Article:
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Xigmatek NRP-MC651 650 watt Power Supply - Testing

We know when it comes to coolers, Xigmatek has the goods. Now it's time to see how they fair in the world of PSUs.

| Other PSUs in Cases, Cooling & PSU | Posted: Oct 28, 2008 4:00 am
TweakTown Rating: 85%Manufacturer: Xigmatek

Testing

 

When it comes to testing a power supply, there are two courses to travel. One takes you down a path using a device to stress out the PSU and provide data regarding the power levels across all three rails. The second, and the one I make use of, utilizes an actual test system to give a more real-world account of what the power supply is capable of. While both methods have their merits, I prefer to use an actual computer to more closely resemble the manner of use that you, the potential customer, will put the product through.

 

That said, let's take a quick look at the test system. I have continued to beef up the system to put a more realistic strain on the power supply.

 

MSI X48C Platinum motherboard (Supplied by MSI)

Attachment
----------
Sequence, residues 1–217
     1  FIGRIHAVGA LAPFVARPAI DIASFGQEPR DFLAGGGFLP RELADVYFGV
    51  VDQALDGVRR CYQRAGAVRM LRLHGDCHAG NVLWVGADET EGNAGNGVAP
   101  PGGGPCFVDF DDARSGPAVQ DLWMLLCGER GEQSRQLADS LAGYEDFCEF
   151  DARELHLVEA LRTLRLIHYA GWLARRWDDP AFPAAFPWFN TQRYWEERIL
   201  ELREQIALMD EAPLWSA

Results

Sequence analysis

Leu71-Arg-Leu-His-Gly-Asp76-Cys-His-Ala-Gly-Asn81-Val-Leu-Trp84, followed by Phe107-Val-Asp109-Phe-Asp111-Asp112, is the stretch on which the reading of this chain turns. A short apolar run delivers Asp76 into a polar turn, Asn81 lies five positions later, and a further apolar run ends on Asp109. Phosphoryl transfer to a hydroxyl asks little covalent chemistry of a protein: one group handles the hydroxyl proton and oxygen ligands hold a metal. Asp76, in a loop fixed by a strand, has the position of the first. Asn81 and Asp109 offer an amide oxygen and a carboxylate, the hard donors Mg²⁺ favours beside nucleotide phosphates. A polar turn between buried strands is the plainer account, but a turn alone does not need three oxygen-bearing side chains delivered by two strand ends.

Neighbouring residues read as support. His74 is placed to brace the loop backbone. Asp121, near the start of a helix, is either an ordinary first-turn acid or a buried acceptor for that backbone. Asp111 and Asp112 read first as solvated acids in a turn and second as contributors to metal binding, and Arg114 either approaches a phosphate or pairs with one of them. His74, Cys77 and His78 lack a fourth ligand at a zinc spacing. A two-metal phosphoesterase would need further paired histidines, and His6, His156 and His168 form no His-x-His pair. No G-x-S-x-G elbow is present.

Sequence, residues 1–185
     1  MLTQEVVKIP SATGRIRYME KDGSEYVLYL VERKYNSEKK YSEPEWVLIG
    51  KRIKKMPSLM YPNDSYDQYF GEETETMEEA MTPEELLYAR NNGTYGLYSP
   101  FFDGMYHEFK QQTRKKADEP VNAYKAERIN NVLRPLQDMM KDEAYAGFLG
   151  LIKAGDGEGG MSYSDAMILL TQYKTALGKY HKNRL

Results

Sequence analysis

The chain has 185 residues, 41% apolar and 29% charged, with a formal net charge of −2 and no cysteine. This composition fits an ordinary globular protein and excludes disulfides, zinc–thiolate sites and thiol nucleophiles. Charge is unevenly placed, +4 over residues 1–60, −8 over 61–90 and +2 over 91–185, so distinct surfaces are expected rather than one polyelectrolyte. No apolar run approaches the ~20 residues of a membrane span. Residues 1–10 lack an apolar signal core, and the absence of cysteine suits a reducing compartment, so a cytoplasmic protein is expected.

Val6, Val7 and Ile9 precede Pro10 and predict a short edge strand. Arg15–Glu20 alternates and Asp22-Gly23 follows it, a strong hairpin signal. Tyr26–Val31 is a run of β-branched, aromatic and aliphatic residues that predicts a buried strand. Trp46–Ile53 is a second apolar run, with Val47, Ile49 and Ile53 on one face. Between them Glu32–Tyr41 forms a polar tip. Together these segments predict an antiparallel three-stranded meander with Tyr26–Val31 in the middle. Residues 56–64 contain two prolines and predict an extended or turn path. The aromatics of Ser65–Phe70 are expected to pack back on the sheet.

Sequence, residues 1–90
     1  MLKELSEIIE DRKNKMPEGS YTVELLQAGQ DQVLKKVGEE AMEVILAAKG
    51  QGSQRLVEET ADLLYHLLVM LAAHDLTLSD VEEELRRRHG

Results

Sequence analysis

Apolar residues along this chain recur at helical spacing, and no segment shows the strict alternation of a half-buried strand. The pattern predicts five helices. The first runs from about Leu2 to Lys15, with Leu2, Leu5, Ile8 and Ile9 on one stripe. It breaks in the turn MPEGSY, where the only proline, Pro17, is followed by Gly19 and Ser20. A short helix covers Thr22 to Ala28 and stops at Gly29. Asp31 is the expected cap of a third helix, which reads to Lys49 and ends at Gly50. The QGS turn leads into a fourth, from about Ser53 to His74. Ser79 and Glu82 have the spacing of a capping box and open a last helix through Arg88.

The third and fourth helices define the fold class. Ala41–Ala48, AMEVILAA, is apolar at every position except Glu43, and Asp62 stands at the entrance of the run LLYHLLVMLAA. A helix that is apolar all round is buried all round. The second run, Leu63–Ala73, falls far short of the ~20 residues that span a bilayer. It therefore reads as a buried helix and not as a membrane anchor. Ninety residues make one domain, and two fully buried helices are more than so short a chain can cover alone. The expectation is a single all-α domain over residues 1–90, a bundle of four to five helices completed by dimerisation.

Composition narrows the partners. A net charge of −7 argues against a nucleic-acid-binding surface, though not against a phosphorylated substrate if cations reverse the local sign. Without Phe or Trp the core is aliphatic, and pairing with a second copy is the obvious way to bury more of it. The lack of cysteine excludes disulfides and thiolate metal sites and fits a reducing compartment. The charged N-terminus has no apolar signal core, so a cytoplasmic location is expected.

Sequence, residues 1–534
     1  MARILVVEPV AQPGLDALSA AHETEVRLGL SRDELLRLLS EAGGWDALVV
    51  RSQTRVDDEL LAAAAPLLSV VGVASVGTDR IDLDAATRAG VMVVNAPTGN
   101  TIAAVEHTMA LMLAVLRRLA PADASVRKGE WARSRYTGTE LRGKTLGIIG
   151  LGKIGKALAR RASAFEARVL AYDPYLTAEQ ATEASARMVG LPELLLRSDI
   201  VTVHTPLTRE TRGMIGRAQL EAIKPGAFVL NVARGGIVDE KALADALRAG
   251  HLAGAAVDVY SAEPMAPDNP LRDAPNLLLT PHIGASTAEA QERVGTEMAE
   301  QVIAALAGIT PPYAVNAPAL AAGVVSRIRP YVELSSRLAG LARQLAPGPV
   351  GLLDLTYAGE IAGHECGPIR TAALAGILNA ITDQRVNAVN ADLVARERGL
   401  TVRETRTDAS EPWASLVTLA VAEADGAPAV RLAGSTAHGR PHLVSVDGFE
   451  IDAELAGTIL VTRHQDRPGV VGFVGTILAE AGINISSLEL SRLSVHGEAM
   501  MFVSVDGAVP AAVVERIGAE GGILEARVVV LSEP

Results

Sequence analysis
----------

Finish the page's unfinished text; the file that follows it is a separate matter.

Intel Core 2 Duo E6600 processor

 

2x 1024MB Corsair XMS2-8500-C5 memory (Supplied by Corsair)

 

Sapphire HD 2900XT graphics board (Supplied by Sapphire)

 

Western Digital 250GB SATA hard drive

 

2x Western Digital 160GB SATA hard drives

 

Western Digital 80GB hard drive

 

Sony 52x CD-ROM optical drive

 

Samsung 16x DVD-R optical drive

 

1x 200mm fan

 

2x 120mm fans

 

While this isn't a monster graphics setup, we are certainly in the realm of having a system that is going to put a significant power drain on any power supply in this range. The HD 2900XT board is capable of pulling close to 250 watts of power. Testing will consist of checking the power levels across all three rails at idle and again while the system is under load. This should give us a good look at the capabilities of the power supply being tested.

 

Results

 

 

Since this particular power supply is a mid range product, we removed one of the XT2900 video boards. Even so, the single board is capable of drawing a lot of power that can often cause problems with power supplies that are not of a reasonable level of quality. This Xigmatek unit, however, had no issues at all during our testing phase. No matter the load, this thing just kept providing very stable power to all rails.

 

I also noted that the drop in voltage under load was less than many other power supplies that have been tested in the past. This bodes well for those who want a stable platform for their system. There is plenty of power available and nearly no fluctuation in voltage. During the stress test (system under load), I saw a fluctuation of 0.01v across the 5v rail and no other movement at all in voltage readings.

 

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